(484a) NO Uptake and Desorption on Fe-Modified Pd/ZSM-5: Impact of Pd and Fe Loading

Authors: 
Harold, M., University of Houston
Karinshak, K., University of Houston

NO
Uptake and Desorption on Fe-Modified Pd/ZSM-5: 

Impact
of Pd and Fe Loading

Kyle Karinshak*,
Michael P. Harold*, and Kiran Premchand+

*Dept. of Chemical & Biomolecular Engineering,
University of Houston, Houston, Texas

+FCA US LLC Auburn Hills, MI  48236

*corresponding author:
M.P. Harold   (mpharold@central.uh.edu)

Reducing
cold-start emissions, emissions under 200 °C, will play a significant role in
meeting future EPA and EU emissions standards. By adsorbing NO and NO2
at low temperatures and releasing these gases in temperatures regimes where
traditional emission control catalysts can operate, Passive NOx Adsorbers
(PNAs) augment existing emission control systems and are a promising new field
of catalysis. The scant published literature has focused on Pd supported on
various materials, including   ceria or alumina. In contrast, the patent
literature suggests the efficacy of ZSM-5 as a support as well as the addition
of Fe to PNA compositions [1-6]. Our preliminary investigations into Palladium-exchanged
MFI zeolites show significant NOx uptake capabilities and complex desorption
behavior.

            Catalyst
samples were prepared through a wet impregnation protocol before being deposited
onto monolith cores. Palladium(II) nitrate was used as the precursor and
dissolved into water equal to the pore volume of the ZSM-5 zeolite (SAR 30).
Alumina solution was added to the washcoating solution to improve binding. Four
catalysts – 0 wt% Pd, 1wt% Pd, 1 wt% Pd/1 wt% Fe, and 2 wt% Pd, were washcoated
onto a 0.25in diameter, 2in length, 600 cspi monolith cores at a fixed loading
of 1.5 g/in3. A bench-scale quartz reactor  was utilized to simulate
emissions and study uptake and desorption characteristics. DRIFTS (diffuse
reflectance infrared Fourier transform spectroscopy) experiments of catalysts
samples were performed to examine surface species formation and the mechanism through
which NOx uptake occurs on Pd/ZSM catalysts.

            Figure
1 shows uptake characteristics of NOx uptake at 50 oC over a five
minute duration for the four catalyst. 400 ppm of NO was flowed through the
catalyst accompanied by 2% O2 and balance Ar. Similar trends were observed at
uptake temperatures of 80 oC and 150 oC with decreasing
uptake quantities and breakthrough periods.  NO adsorption was accompanied by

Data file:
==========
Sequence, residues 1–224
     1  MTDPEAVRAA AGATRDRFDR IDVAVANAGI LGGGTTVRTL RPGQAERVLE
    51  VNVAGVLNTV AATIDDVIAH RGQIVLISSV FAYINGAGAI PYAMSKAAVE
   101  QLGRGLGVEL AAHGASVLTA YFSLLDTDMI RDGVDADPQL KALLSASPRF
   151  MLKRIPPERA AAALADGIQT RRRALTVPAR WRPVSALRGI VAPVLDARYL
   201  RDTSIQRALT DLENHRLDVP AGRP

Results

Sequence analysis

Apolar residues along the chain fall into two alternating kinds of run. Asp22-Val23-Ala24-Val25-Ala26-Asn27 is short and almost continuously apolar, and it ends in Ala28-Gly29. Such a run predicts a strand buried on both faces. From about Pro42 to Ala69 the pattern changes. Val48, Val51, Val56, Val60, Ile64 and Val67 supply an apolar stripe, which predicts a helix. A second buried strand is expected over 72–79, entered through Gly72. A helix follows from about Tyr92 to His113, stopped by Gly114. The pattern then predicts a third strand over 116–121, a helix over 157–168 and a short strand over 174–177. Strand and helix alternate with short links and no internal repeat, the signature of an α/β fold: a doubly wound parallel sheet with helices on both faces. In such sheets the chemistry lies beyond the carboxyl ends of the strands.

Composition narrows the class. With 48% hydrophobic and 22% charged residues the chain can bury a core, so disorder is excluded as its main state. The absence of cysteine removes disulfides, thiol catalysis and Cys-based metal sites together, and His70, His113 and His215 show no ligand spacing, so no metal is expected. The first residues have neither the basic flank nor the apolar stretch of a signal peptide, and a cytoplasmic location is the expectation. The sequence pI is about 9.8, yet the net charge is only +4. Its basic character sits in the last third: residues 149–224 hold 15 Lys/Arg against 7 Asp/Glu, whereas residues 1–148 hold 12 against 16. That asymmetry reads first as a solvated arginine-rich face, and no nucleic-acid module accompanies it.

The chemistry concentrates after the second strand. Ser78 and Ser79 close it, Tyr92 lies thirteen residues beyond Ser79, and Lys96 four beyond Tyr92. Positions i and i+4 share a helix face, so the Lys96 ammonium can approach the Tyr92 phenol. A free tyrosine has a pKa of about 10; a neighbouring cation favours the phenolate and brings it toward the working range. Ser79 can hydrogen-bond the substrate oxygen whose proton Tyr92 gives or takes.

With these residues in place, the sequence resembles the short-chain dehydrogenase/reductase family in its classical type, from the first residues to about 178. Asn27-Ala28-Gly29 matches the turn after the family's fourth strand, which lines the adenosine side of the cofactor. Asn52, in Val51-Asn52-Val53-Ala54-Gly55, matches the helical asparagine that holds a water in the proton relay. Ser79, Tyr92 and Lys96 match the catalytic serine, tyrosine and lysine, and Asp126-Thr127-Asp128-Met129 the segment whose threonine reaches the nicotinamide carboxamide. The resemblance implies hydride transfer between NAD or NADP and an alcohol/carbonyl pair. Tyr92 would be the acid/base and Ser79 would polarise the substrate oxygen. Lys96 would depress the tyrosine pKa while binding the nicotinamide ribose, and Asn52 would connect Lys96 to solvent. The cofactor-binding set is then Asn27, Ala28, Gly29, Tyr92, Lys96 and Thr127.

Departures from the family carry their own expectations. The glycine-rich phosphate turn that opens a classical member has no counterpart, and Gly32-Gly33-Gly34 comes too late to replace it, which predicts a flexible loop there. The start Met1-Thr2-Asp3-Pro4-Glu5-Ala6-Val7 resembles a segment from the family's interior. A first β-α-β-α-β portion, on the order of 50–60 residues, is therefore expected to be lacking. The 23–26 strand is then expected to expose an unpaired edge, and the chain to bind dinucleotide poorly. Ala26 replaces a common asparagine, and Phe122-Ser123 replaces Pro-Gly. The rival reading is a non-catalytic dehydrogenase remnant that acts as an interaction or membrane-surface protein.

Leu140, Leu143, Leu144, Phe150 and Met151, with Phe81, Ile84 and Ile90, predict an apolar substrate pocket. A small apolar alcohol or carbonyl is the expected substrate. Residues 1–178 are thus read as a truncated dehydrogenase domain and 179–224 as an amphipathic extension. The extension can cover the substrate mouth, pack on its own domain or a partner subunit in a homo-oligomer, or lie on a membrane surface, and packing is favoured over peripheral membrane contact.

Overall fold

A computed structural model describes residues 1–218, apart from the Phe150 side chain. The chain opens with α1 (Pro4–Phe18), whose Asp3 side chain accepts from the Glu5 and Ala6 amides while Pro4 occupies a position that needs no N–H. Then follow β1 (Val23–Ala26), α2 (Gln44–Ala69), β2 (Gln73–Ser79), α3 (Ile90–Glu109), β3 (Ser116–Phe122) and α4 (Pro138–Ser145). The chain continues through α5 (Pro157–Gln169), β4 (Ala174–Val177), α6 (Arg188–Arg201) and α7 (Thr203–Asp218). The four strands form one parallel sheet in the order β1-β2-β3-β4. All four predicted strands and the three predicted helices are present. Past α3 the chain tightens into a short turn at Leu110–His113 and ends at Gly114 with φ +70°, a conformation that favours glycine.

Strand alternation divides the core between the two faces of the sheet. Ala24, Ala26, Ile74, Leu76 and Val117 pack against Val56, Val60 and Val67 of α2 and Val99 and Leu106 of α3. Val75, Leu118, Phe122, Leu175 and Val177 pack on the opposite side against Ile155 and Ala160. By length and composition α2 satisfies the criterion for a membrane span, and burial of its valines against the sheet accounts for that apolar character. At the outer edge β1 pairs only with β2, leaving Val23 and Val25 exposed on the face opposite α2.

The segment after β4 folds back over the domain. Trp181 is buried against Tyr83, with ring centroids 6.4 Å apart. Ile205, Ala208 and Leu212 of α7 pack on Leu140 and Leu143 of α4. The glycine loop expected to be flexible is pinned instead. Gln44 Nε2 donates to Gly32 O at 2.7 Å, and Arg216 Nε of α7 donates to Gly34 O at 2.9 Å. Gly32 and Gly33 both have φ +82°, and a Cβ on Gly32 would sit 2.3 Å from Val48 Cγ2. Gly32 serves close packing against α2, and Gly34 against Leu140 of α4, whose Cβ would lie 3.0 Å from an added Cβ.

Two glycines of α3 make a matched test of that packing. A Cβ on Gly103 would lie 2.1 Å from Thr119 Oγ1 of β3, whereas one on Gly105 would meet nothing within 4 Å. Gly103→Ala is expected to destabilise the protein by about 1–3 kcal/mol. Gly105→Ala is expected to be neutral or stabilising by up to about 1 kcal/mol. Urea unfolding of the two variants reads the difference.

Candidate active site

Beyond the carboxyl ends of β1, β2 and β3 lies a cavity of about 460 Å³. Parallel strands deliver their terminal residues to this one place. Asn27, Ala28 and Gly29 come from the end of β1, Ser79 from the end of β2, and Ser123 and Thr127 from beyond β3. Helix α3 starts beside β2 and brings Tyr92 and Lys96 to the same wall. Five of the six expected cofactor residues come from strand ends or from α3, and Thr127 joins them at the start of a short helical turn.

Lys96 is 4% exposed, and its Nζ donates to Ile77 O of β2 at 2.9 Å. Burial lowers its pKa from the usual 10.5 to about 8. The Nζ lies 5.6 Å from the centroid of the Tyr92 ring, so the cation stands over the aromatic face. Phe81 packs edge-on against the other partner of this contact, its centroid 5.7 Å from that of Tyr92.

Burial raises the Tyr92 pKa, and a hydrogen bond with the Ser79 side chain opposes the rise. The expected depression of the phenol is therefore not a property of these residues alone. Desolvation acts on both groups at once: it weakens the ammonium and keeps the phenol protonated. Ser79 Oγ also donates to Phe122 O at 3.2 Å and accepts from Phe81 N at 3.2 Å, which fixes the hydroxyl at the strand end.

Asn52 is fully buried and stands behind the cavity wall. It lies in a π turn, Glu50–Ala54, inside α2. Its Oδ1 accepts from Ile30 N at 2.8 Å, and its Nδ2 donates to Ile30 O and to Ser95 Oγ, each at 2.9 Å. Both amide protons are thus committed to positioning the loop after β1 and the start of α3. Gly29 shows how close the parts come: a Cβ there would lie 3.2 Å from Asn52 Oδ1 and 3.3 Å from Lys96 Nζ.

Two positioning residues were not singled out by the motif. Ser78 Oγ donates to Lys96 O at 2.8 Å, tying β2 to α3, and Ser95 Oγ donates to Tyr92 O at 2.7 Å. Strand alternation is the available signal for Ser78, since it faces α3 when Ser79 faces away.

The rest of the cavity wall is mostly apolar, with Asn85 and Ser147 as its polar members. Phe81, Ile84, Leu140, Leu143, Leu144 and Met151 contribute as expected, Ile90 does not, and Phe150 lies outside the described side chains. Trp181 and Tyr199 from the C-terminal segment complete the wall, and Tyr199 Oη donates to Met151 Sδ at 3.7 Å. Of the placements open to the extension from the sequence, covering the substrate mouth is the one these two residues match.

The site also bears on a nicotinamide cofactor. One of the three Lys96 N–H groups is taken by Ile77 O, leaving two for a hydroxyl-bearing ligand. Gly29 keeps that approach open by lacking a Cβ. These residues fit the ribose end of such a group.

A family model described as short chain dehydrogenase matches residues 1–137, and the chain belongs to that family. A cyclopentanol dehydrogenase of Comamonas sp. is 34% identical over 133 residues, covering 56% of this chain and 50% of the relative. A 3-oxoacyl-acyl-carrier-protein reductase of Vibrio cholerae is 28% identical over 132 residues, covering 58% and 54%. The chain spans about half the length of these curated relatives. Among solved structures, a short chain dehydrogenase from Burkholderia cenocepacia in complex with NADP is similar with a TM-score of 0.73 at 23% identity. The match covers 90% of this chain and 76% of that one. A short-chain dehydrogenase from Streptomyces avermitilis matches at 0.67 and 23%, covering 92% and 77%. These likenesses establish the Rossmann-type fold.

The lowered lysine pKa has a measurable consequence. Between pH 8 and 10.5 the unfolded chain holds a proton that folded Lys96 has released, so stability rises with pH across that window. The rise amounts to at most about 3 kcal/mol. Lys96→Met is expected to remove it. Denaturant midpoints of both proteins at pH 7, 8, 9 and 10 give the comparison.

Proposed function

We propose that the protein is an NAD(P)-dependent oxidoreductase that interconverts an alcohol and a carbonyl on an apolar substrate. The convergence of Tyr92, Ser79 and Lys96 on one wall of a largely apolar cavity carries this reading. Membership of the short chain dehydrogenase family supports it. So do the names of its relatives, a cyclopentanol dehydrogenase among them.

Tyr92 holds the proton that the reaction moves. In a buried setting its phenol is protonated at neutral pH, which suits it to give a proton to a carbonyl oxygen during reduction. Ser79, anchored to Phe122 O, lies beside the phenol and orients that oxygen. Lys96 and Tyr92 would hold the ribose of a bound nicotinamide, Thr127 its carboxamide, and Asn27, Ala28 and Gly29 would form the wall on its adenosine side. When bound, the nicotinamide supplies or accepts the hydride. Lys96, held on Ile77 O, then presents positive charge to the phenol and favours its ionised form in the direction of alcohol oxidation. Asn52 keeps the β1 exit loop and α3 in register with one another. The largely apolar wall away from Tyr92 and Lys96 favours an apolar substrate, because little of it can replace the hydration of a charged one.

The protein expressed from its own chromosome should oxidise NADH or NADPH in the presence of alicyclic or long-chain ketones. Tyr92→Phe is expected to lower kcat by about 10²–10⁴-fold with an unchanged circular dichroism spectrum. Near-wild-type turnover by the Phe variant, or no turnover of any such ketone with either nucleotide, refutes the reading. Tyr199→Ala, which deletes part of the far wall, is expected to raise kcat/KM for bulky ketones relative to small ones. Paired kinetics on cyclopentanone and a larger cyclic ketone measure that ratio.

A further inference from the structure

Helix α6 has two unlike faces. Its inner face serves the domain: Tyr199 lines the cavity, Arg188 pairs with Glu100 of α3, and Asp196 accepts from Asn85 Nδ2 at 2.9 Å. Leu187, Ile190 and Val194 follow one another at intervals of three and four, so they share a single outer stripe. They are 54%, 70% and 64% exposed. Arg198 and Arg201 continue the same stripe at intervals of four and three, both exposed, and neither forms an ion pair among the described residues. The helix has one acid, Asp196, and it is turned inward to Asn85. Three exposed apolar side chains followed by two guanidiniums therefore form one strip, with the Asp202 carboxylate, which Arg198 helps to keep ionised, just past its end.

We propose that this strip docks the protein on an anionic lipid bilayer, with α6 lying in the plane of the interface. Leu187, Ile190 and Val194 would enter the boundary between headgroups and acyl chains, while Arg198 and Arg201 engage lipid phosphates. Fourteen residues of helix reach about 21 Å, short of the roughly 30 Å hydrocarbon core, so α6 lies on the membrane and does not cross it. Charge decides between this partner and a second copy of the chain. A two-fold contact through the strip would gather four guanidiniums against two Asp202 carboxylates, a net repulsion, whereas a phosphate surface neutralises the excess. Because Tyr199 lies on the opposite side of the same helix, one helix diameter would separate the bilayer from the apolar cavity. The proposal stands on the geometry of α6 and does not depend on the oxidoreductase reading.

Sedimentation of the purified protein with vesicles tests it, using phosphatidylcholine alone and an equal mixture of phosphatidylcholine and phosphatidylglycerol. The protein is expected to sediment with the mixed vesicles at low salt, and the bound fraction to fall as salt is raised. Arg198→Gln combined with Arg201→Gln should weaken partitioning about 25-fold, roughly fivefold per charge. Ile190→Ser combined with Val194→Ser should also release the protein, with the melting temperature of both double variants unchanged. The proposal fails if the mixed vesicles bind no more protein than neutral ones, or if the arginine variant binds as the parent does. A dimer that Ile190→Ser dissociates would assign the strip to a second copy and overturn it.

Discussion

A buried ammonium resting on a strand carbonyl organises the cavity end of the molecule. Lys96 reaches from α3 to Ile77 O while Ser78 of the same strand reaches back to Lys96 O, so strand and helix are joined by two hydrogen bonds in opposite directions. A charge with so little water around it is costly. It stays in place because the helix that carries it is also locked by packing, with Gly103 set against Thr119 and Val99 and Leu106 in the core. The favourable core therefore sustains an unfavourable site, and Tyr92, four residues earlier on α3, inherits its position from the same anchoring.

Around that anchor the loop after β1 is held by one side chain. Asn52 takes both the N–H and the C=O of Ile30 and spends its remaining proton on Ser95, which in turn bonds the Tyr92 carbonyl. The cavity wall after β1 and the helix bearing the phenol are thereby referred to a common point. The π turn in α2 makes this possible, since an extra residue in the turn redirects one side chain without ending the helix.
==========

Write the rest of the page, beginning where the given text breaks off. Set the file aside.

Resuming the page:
noticeable NO2 slip from the catalyst.  The addition of Fe to the
catalyst composition significantly improved the performance of NOx uptake.

            Figure
2 shows the NOx desorption peaks from the same experiments. Over half of
desorbed NOx occurred in the form of NO2. As NO adsorbs as a mono nitrosyl
palladium complex, this shows that NO is being converted into NO2 through
a zeolite-surface reaction and likely storing on the Pd-less acid sites of the
zeolite and binder. Unlike Murata et al, who reported a single NOx desorption
peak during TPD experiments [7], our results reveal multiple desorption peaks. Three
distinct peaks are identified in Pd-containing samples whereas only two exist
in the Pd-less sample. A preliminary assignment of these peaks include acid
sites of the binder, the acid sites of the zeolite, and the Pd nitrosyl complexes.

            Figure
3 shows DRIFTS measurements of three samples: 0 wt% Pd, 1 wt% Pd/1 wt% Fe, and
2 wt% Pd. Experiments were conducted in the presence of oxygen. Peak analysis
matches that reported by Descorme and Gelin, confirmed the NO adsorption
mechanism [8]. The Pd/Fe sample did not show the peaks associated with NO
adsorption onto Fe complexes, confirming that the role of Fe in the catalyst
composition is ensure a high dispersion of Pd [9]. Experiments conducted
without oxygen (not shown) display peaks associated with NO adsorption onto Pd
but do not show peaks associated with NO2 formation and storage.

            Additional
TPD experiments (not shown) have shown that the presence of water significantly
suppresses NOx uptake and desorption. The introduction of water inhibits the
surface-reaction formation of NO2, likely through the suppression of
zeolitic acid sites. Ongoing experiments include powdered catalyst TPD
experiments as well as additional DRIFTS experiments to better understand and
quantify the effects the addition of binder.  

Ongoing work will include modifications to the
catalyst compositions as well as the addition of a modelling component for both
uptake and desorption.  Additionally, concurrent experiments are
being carried out to understand the effects of adding hydrocarbons
to the gas environment.

 

 

 

 

 

Figure
3:
Evolution
of DRIFTS data over time from three samples.

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